Survival outcomes

By the latest follow-up of Oct 2019, with a median followed-up of 60 months, a total of 101 (5.37%) patients died in the entire cohorts, with 55 (2.93%) patients deaths attribute to breast cancer and the remaining 46 (2.45%) deaths due to other reasons. The survival outcomes of the entire cohort was excellent. The 5- and 10-year breast cancer specific survival (BCSS) was 98% and 95%, respectively (supplemental figure 1A and 1B). The 5- and 10-year overall survival (OS) was 97% and 91%, respectively(figure 1C and 1D). A total of 44 patients developed local regional recurrences, with the 5- and 10-year cumulate LRR rate was 2% and 3% (supplemental figure 2), respectively. In addition, a total of 90 patients developed distant metastasis (DM), and the 5- and 10-year cumulate DM rate was 4% and 6%, respectively (supplemental figure 2). In the external validation cohort, the 5-year OS and BCSS was 95% and 97%, respectively(supplemental figure 3). And the cumulative incidence of 5-year LRR and DM was 3% and 6%, respectively(supplemental figure 3).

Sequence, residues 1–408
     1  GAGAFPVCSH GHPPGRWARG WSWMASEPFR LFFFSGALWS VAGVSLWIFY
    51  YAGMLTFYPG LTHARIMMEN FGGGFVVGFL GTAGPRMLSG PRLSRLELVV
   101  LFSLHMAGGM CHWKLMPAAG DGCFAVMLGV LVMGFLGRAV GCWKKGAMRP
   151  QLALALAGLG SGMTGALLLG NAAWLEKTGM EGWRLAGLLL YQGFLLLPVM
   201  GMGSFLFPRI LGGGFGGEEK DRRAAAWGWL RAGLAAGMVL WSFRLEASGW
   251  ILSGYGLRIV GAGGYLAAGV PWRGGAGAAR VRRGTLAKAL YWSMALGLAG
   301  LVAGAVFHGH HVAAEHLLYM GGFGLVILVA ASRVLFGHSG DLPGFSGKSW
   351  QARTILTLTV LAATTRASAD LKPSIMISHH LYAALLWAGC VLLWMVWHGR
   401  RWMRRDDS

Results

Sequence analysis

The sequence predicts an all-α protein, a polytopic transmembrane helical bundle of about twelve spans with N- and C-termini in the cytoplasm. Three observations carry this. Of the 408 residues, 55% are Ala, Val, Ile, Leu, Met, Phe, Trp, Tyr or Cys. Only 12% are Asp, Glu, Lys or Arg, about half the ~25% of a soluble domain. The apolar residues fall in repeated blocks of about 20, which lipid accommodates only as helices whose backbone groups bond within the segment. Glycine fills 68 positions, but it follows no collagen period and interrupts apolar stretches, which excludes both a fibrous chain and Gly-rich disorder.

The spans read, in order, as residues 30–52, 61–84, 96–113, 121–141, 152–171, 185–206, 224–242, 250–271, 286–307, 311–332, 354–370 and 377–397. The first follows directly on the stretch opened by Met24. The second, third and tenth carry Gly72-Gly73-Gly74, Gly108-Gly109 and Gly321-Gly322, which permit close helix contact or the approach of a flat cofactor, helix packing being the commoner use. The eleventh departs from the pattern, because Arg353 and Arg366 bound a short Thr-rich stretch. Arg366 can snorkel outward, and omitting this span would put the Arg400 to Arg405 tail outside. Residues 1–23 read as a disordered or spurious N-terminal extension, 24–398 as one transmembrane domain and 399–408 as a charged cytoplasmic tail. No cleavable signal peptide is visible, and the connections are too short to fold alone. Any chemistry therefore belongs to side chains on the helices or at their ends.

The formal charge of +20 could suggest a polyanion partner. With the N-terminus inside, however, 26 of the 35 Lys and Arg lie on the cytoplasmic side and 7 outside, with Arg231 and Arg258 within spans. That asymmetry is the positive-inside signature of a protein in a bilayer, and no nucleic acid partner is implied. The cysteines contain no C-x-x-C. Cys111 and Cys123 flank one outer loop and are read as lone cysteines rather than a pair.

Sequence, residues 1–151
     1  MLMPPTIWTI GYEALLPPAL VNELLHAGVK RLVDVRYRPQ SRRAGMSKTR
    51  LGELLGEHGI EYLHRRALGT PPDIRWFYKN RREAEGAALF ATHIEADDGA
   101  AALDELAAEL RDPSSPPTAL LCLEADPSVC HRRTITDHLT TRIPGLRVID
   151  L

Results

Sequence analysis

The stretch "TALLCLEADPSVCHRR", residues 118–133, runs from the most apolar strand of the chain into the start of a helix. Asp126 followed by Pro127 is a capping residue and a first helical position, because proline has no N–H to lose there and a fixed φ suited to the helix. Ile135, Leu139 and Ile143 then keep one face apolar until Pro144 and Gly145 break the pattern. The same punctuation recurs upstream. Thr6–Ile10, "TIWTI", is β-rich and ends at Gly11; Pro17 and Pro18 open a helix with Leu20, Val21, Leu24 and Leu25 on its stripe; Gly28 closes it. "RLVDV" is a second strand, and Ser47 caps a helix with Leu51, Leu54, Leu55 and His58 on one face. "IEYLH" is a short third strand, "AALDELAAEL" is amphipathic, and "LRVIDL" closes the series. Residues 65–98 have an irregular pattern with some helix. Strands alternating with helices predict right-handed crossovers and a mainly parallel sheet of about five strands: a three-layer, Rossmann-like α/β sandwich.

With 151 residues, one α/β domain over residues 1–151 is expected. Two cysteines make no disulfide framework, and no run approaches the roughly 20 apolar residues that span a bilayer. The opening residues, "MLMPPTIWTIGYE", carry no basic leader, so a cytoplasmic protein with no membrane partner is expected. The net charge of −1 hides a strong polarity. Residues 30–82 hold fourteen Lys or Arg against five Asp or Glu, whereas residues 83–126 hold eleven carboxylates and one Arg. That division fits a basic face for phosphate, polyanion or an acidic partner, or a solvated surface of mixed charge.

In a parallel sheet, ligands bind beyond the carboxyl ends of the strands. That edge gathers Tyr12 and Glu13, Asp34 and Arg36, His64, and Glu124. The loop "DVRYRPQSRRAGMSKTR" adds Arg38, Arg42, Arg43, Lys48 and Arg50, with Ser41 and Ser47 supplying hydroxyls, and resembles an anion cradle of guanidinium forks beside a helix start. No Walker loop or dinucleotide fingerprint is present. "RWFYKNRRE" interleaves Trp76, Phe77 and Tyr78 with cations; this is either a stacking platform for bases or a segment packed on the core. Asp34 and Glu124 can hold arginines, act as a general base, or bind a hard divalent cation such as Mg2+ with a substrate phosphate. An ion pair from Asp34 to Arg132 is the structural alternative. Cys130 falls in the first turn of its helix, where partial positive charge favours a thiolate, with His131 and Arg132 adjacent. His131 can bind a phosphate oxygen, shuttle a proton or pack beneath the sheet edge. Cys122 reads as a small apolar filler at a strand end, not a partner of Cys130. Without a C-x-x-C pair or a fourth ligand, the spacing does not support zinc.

Factors associated with BCSS,LRR and DM

A total of 16 variables were considered as potential predictors. We used a lasso regression algorithm based on each variable for predictor selection in the training cohort. As showed in the figure 3, when the partial likelihood deviance reached its minimum value, the appropriate tuning parameter g was 0.0059 and logg is -5.14; and five variables with nonzero coefficients were obtained from the LASSO analysis (figure 2).